Third Mission
Internal continuing education
Study supplement "Arts | Gender | Research)
Anchoring of gender & diversity issues in the curricula
Supporting measures in the delivery of teaching

The history of the Mozarteum University Salzburg begins in 1841: On the occasion of Wolfgang Amadé Mozart's fiftieth birthday, the music-loving citizens of Salzburg, with the support of the Prince-Archbishop, founded the "Dommusikverein und Mozarteum" as a conservatory for the cultivation of sophisticated church music. At that time there was a shortage of young instrumentalists, and the state of the musical landscape was accordingly: " The choir (...) was drowned out by the orchestra, which played quite too loudly (...) the best players were the three trombonists - the next best was the double bass player (...). In the birthplace of the most wonderful composer who ever lived, music is indeed in a state of sad decay " (Vincent and Mary Novello on the occasion of their visit to Salzburg in 1826, from the notes of the travel diary "A Mozart Pilgrimage").

The Mozarteum was primarily intended as a conservatory for the training of young musicians for the ecclesiastical service of the Salzburg Cathedral and was to initiate a revival for Salzburg. The founding goals also included organizing concerts, engaging and, above all, paying musicians*. Gifted students of the conservatory were additionally supported by the awarding of scholarships. In the first decades of its existence, the Mozarteum was not only an educational institution, but also an important crystallization point of the urban-civic cultural will and was strongly anchored in the political consciousness, through the upgrading of the city to a music and tourist center under the sign of Mozart.

In 1870, the International Mozart Foundation was established to promote talented musicians, and a decade later the Mozarteum Public Music School was founded, which in 1881 was taken over by the International Mozart Foundation, which at the same time changed its name to the International Mozarteum Foundation. In addition to the music school, the foundation administered an orchestra (later the Mozarteum Orchestra Salzburg) as well as a fund for the support of talented and needy musicians.

In 1914, the Mozarteum Public Music School became an independent educational institution and was recognized as a conservatory with public rights. Due to the difficult financial situation after the First World War, the music school was nationalized in 1922, and in 1939 it became the Mozarteum State University and in 1941 the Mozarteum Reich University. After the end of the Second World War, teaching, which had largely come to a standstill, was resumed on a continuous basis and the Mozarteum continued under the title of Musikhochschule. With the beginning of the 1950s, numerous new departments, scientific institutes and special courses were founded, and in 1953 the Academy of Music was elevated to the status of the "Mozarteum" Academy of Music and Performing Arts in Salzburg. With the enactment of the Kunsthochschul-Organisationsgesetz (KHOG) in 1970, the Academy, together with the three other Austrian art academies, became a university, a democratization of the development and development of the arts (read more: On the way to becoming an art university). in 1998, the former music school receives university status and since then bears the name Mozarteum University Salzburg.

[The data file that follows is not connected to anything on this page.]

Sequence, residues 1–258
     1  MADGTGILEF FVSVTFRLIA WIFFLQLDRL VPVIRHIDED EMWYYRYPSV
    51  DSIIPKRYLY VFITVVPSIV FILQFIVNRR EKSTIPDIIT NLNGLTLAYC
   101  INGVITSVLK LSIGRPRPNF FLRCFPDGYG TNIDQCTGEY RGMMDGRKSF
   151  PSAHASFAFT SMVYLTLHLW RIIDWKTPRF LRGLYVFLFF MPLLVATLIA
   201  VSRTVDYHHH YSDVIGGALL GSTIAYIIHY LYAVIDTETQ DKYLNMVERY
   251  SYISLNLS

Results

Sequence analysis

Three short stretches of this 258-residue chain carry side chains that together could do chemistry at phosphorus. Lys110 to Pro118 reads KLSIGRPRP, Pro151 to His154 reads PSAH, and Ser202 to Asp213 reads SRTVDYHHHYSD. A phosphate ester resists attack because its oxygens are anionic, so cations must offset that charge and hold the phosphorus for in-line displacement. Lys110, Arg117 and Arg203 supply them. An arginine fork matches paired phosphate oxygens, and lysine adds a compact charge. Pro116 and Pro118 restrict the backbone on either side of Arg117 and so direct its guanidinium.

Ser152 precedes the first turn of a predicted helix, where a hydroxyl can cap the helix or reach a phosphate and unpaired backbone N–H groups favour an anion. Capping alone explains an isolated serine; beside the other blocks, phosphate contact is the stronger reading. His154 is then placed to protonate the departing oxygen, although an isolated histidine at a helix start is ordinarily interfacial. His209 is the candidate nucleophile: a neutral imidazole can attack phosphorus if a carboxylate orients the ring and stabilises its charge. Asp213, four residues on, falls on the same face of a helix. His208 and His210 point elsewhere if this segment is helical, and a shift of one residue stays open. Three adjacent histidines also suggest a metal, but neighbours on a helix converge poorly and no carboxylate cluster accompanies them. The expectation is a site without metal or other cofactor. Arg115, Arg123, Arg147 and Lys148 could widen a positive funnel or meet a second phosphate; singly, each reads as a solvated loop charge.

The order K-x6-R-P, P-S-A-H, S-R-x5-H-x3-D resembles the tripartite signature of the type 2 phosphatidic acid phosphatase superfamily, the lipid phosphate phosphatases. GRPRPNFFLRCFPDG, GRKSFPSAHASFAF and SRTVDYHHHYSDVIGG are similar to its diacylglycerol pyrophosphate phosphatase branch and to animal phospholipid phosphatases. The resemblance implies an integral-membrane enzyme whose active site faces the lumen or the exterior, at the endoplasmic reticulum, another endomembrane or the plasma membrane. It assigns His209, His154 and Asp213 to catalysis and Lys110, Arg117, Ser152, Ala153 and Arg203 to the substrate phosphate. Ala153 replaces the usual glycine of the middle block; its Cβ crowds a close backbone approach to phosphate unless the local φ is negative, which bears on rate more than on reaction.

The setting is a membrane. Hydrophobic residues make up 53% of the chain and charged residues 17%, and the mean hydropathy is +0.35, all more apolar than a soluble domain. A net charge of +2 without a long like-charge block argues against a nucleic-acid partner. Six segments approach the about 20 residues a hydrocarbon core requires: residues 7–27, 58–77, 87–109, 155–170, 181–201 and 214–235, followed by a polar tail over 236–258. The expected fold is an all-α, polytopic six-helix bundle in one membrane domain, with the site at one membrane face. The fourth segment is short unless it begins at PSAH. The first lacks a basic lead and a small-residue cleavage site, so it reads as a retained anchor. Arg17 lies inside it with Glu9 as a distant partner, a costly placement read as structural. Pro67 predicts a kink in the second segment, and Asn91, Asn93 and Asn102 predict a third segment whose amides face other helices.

In addition to the Mozarteum University, two other independent Salzburg institutions bear the name "Mozarteum": the International Mozarteum Foundation and the Mozarteum Orchestra Salzburg.

In 1981, a dislocated department was established in Innsbruck by the then Mozarteum University of Applied Sciences, where the field of study Music Education (now: Music Pedagogy) has been offered since the beginning, and Instrumental Music Education since 1986. In 2006, in cooperation with the Tyrolean State Conservatory Instrumental & Vocal Pedagogy was established as a degree program. In today's Department of Music Pedagogy - Innsbruck location about 200 students take the music pedagogical studies, in which a balanced artistic, pedagogical and scientific education is imparted by renowned teaching staff at a high university level. A large percentage of graduates of the offered studies are employed as teachers in secondary schools and music schools in music pedagogical professions, but also in the regional and supra-regional cultural and educational scene, for example as performing musicians, choirmasters, bandmasters and church musicians. Since 2018, the Department of Music Education and part of the Department of Musicology (Department of Musical Ethnology) have been located at the Haus der Musik in the center of Innsbruck.

Also the Department of Fine Arts & Design has a location in Innsbruck in PEMA 2 since 2019.

Cooperation Initiative

The Salzburg Higher Education Conference

With a total of 24,000 students, 3,700 employees, an annual budget volume of over 220 million euros and activities all over the world, Salzburg's six universities are of enormous importance for the economic and social development of the region.
Learn more! (Opens in new tab)

Literature about the Mozarteum University